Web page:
The Truth Revealed

Tuesday, July 24, 2007

Raja Petra Kamarudin vs Muhammad son of Muhammad

Raja Petra wrote:
This is the Muhamad who started life as a schoolteacher but does not speak a word of English. When caught carrying millions of dirty money into Australia, he pleaded ignorance of the English language and was acquitted by the Australian court the crime of smuggling money. What many people failed to realise is that when he resigned as a schoolteacher to contest the general election, the government made a claim of RM80,000 against him because he was on contract and was bound by this contract to serve the government to pay off what he owed. Full story here

“Do you know that that orang bodoh ran away with the Sultan’s daughter and then denied it?” I asked the police. They just smiled. “Well, I am going to reveal this to the world,” I continued. “I am going to publish the letter he wrote to the Sultan where he denied he had married the Sultan’s daughter whereas he had in fact already secretly married her in Thailand. You tengoklah. I akan balun si bodoh tu habis-habis.” Full story here

Re-cap: Muhammad is caught with a suitcase of cash
By Steven Frank and Steven K.C. Poh / Kuala Lumpur
Asiaweek.com (January 10, 1997)

THE GOOD TIMES ENDED abruptly for Muhammad Taib. The chief minister of the rich Malaysian state of Selangor was in the midst of a family vacation Dec. 22 when customs officials at Brisbane airport found close to $1 million in his suitcase. That’s against the law in Australia since Muhammad apparently did not declare he had more than A$5,000 ($4,000) cash in his possession. But the legal significance of the incident paled in comparison with the moral implications for the prominent politician. As the longtime chief of Selangor, Muhammad, 51, earns an estimated $8,000 a month, excluding perks, and is supposed to stay out of private business. Where then did the money come from? And why was he carrying it in cash?

The chief minister had an explanation. After returning to Malaysia last week, Muhammad said the money was given to him by his brothers for an Australian property transaction that was not completed. “I didn’t realize that I had to make a declaration for the cash before leaving Australia,” he said. True or not, many felt the damage had already been done. “The incident has been a disgrace to the country,” says Lim Guan Eng, deputy leader of the opposition Democratic Action Party (DAP). “For a senior politician to be arrested in a foreign country does not say good things about the level of corruption control in Malaysia.”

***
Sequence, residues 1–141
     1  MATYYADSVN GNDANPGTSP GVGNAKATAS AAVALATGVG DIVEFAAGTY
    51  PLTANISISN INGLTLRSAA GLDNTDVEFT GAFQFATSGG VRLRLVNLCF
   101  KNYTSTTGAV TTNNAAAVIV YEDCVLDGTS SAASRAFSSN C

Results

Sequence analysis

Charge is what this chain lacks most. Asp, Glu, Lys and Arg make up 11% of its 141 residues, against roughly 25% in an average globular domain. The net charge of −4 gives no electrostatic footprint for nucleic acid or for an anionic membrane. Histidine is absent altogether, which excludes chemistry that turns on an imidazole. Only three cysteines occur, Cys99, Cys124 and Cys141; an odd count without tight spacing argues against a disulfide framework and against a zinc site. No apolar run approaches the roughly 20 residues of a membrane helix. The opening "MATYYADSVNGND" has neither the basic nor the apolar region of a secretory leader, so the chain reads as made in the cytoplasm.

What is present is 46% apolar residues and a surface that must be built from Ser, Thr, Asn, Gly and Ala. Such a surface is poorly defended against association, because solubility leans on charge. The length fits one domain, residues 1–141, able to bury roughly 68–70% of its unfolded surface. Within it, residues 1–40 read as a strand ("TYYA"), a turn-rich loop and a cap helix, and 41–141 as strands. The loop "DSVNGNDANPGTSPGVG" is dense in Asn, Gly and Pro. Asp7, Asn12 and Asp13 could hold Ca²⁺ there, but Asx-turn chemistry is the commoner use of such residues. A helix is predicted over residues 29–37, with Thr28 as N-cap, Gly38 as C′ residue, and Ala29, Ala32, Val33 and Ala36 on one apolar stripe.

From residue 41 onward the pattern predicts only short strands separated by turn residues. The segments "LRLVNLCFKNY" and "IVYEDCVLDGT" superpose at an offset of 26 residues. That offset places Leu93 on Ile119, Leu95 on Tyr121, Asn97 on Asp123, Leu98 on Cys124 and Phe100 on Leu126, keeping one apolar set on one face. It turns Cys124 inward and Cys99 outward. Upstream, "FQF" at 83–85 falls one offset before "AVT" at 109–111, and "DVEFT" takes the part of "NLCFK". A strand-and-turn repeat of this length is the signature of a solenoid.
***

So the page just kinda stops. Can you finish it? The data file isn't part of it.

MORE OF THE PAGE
What exactly it does say about corruption may not be known for some time, if ever. But it certainly doesn’t look good. Just three months ago, Muhammad was one of three members of the dominant United Malays National Organization picked as party vice-president. The polls followed an emotive speech by Prime Minister Mahathir Mohamad, who heads UMNO, about the evils of money politics. Mahathir even wept, saying that if left unchecked, this “cancer” will eat into the very fabric of Malaysian society. Politicians, Mahathir added, must not only be clean, but must also be seen to be clean.

How clean is Muhammad? The one-time school teacher has certainly attracted foreign investment to the state, streamlined its bureaucracy and modernized its infrastructure. He has also made some controversial decisions. Last year, for instance, he infuriated many women by dropping a requirement that a man needs to get his wife’s permission before entering a subsequent marriage. There have been some questionable dealings in his past too. In early 1992, Muhammad had to deflect claims that he accepted $4 million from a property developer.

Now Muhammad faces his toughest challenge. There have already been conflicting explanations as to why he was carrying so much cash. A few days after the arrest, Selangor UMNO deputy liaison chairman Abu Hassan Omar said Muhammad had told him on the phone that “the money was for shopping.” Soon after that, a spokesman from the chief minister’s own office maintained that nothing of that nature was implied in the telephone conversation, and that Muhammad did not say the money belonged to him.

Muhammad will have to appear in an Australian court March 21. He is to face charges that could lead to forfeiture of the money, a fine and up to five years in jail. Until then, it appears he will keep his posts as Selangor chief and UMNO vice president. Just how Mahathir handles this case will be the key. Muhammad has already submitted a report on his arrest to the prime minister. Others would like to see much more. “There’s definitely a need for Muhammad to show some public accountability by declaring his assets,” says DAP leader Lim Kit Siang. “Otherwise, the PM’s tears would have been in vain.”

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